MPs back “one peppercorn” ground rents for new builds
The Leasehold Reform Bill has been backed by MPs, passing its first stage in the Commons on Monday.
The bill was introduced to protect owners within shared buildings following a series of investigations and voicing of concerns from industry bodies that leaseholders are becoming financially trapped by fast-rising and disproportionate ground rent charges.
If it becomes law, the bill will ensure that leaseholders effectively pay no ground rent on new build housing going forward. But labour have criticised the government-backed plan saying that proposals should go a step further, and that selling houses without a freehold should be completely banned.
Shadow Housing Secretary, Lucy Powell, said leases for both old and new houses should be banned, commenting that it is a “scam on an industrial scale” and the bill does “nothing for those trapped” in existing leaseholds.
Although it is standard practice for a buyer of part of a shared building to own the property on a leasehold agreement (usually lasting up to 999 years), a 2018 report by Propertymark revealed that the arrangement is becoming increasingly common amongst those purchasing new-build homes. Many buyers now claim they have been mis-sold a leasehold by a developer.
In 2018 the government consulted on capping ground rent on leasehold houses at £10 a year, but the Leasehold Reform Bill has amended this, proposing that ground rents are set at “one peppercorn”, or effectively nothing, per year instead.
Housing Minister, Eddie Hughes, said in the House of Commons:
“Regardless of whether the ground rent is a nominal peppercorn or thousands of pounds, the fundamental issue is that no meaningful service is provided in return … we want to end this for new leases. That’s why we’re legislating, so that new residential long leases will have no financial demand for ground rent.”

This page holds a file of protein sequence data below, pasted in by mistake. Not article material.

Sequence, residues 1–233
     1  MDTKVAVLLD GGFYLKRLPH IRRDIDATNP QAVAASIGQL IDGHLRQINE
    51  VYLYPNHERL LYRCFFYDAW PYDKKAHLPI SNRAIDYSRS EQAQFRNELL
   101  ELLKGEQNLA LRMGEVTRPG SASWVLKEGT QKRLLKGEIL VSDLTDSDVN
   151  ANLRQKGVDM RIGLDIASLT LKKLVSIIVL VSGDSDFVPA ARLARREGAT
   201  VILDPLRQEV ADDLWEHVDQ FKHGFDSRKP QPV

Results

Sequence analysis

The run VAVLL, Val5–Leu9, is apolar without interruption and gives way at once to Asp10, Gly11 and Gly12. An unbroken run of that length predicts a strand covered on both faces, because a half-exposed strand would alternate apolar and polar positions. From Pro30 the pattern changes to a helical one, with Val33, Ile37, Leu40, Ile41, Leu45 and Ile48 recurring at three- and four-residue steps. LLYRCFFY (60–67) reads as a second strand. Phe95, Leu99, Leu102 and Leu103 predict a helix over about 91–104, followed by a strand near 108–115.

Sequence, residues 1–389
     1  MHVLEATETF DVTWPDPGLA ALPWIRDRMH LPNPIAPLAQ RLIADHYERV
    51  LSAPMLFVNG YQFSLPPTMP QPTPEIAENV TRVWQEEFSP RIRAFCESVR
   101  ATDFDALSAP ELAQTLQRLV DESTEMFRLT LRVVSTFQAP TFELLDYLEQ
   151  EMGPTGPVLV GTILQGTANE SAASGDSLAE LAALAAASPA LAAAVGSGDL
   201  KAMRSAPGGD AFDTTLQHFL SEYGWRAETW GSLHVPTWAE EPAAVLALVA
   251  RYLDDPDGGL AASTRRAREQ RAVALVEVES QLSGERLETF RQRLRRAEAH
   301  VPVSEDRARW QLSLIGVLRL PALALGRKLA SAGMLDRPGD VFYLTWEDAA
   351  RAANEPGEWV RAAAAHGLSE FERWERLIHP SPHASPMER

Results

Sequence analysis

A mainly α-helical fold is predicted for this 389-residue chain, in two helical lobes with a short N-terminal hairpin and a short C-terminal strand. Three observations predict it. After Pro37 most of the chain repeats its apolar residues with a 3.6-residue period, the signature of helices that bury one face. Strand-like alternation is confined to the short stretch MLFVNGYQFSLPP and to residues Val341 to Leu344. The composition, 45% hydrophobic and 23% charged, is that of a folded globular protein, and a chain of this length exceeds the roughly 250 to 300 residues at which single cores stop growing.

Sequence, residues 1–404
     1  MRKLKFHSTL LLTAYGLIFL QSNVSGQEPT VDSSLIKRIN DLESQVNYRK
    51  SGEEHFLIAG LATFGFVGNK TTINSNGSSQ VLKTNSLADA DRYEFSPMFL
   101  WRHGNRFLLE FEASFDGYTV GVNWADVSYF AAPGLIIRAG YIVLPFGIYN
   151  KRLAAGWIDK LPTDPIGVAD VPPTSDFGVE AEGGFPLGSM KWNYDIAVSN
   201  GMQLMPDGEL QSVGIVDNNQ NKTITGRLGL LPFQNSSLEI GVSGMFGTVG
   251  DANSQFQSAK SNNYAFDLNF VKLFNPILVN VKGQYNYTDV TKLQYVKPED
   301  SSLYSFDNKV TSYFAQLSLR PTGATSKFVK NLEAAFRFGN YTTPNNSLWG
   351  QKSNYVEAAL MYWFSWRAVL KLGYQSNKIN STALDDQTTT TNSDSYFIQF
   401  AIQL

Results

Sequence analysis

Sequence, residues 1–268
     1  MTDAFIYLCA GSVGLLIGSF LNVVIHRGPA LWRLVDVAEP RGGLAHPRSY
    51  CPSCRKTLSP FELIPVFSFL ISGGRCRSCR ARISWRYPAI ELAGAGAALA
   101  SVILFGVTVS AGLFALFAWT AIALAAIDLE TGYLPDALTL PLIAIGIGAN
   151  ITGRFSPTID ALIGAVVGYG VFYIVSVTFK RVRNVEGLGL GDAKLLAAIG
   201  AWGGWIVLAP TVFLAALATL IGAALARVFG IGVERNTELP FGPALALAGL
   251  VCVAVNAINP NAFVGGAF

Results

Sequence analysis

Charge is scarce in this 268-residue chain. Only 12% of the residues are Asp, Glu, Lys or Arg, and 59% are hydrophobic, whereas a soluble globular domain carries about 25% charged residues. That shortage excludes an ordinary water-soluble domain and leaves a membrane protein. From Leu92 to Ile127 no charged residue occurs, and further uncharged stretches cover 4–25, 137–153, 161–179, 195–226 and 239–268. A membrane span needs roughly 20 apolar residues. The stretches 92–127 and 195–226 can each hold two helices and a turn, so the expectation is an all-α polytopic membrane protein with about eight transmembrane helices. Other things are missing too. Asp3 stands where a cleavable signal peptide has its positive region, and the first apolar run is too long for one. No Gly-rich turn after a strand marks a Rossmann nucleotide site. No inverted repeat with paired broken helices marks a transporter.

Hughes commented that the current system had become “a nightmare for some” new-house buyers, and that under new proposals “instead, nothing more than an actual peppercorn can be collected from the leaseholder”.
Hughes also said that, while freeholders could “physically” demand the non-existent or nominal “peppercorn” payment, they were unlikely to do so.
Linz Darlington, CEO of lease extension specialists, Homehold, commented that the bill,
“in its current form does not go far enough to create a real benefit to leaseholders, while potentially creating a distraction from wider reform”.
“It incentivises freeholders to offer toxic ‘informal lease extensions’ which provide an opportunity to replace the loss of ground rent with creatively written service charge clauses introducing a guaranteed fixed income. In the bill rent is defined as including anything in the nature of rent, whatever it is called. The Minister of State of Housing (Christopher Pincher) stated that this flexible definition of rent in the bill will deter freeholders or landlords from circumventing the new system by disguising ground rent as a different charge. On the basis that the only recourse leaseholders will have is costly litigation, it will not”, she said.
“The bill should be amended to ban informal lease extensions for existing leases, forcing the use of statutory lease extensions which would not permit changes introducing new charges. This bill will be championed as a success, and this can be used to distract from and delay the wider reforms promised by the government in ‘Part 2’ – referred to by a number of MPs as ‘the main course’. The government must commit to a time-line for the wider reforms before this bill is enacted, which they notably failed to do at this reading.”